“The canvas walls of the dressing tent were discolored with brown water spots, green grass stains and grey streaks of mildew, and the prickles of sun glittering came through.”
This is a book I bought and almost immediately regretted because the more I looked at it and thought about it, the less I wanted to read it. It reminds me of a weird mix of the Christopher Isherwood/Aldous Huxley book “Jacob’s Hands” mixed with a Thornton Wilder play. It says it’s a play in stories. But really, it’s a story. It’s kind of three, but really it’s one. What Steinbeck means by the subtitle is that he was trying to effect a new genre or form where a fictional piece has a lot of dialogue, and plenty of narration, but the narration is objective third person, and scene setting, but not essential to meaning. The dialogue could be lifted and the resultant text could be performed as a play. Not a terrible thing, and plenty of plays read like this and plenty of fiction reads like this. The problem is that the story is terrible and so is the writing. I normally like John Steinbeck a lot and some of his writing is as good as it gets in American literature. And it’s not like he’s lost the plot here, he still has East of Eden, Winter of our Discontent, and Travels with Charley in the tank here. This one is just a dud.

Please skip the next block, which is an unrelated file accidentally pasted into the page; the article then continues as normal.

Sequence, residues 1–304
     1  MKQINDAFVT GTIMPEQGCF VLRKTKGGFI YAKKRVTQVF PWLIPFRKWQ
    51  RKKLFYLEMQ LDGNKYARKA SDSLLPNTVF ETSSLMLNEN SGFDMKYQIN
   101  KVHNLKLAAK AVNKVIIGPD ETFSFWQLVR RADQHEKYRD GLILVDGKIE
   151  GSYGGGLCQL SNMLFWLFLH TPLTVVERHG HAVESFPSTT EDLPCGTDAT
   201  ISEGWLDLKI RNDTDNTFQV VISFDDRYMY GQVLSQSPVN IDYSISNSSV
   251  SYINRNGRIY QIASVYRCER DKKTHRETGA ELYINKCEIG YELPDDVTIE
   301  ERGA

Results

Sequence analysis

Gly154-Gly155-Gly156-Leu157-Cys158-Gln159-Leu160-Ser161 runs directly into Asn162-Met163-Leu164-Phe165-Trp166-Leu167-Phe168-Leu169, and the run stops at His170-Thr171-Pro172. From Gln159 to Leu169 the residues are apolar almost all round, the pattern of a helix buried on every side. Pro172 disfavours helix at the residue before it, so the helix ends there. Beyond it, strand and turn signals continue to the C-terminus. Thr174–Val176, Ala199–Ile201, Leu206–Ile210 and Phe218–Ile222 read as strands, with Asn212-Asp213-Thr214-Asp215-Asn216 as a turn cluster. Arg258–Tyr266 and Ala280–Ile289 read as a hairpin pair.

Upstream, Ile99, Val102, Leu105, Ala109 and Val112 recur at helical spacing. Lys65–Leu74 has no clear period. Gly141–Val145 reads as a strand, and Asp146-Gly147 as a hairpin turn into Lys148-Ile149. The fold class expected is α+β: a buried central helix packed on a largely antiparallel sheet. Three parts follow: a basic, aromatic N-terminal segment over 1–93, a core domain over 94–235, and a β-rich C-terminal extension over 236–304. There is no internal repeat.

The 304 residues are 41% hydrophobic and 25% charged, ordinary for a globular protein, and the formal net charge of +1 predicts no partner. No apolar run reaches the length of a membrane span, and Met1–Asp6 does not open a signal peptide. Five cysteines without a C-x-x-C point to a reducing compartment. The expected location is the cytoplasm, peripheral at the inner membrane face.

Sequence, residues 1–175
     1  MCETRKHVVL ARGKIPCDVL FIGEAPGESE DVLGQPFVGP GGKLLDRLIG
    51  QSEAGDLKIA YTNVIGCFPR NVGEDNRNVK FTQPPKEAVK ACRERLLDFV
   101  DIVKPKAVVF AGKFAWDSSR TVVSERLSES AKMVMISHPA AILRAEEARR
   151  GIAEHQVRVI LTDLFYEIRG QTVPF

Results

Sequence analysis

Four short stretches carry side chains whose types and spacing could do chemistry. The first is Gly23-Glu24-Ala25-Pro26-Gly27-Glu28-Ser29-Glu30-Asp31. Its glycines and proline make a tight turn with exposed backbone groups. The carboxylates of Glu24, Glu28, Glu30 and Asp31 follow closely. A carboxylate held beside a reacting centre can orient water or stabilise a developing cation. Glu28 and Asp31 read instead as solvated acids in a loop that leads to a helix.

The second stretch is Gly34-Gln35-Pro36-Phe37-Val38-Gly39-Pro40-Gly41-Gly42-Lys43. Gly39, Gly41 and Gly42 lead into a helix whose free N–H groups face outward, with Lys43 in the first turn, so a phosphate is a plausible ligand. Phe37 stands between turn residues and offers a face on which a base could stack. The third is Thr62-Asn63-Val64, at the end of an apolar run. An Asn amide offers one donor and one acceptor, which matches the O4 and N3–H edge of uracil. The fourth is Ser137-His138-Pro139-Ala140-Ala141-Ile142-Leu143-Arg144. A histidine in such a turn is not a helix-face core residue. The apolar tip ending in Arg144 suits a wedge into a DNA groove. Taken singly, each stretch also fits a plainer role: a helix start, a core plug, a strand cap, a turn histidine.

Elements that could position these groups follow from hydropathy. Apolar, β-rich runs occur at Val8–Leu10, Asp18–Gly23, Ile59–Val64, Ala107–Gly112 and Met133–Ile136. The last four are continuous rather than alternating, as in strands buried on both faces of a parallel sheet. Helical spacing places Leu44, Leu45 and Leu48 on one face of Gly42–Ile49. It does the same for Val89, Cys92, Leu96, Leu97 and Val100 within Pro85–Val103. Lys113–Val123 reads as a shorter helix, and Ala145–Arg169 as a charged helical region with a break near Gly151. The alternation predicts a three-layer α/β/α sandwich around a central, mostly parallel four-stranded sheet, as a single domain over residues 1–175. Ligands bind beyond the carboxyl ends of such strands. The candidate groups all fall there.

The play is morality play about a married couple — an older man and a much younger woman — the man desperately wants a child, but seems past his prime. The wife sleeps with the man’s employee and conceives, but that man now feels owed to the child and her love. A fourth character is often on the scene acting as a kind of chorus figure. The issue is that each act changes the scene inexplicably. I don’t mean the action move, but instead the play transforms into a new setting, carrying along the plot in this new context. First, it’s a circus with clowns (the characters are clowns), next it’s a farm, and finally aboard a ship. Why? Why not? (Oh why not? Because it’s bad.)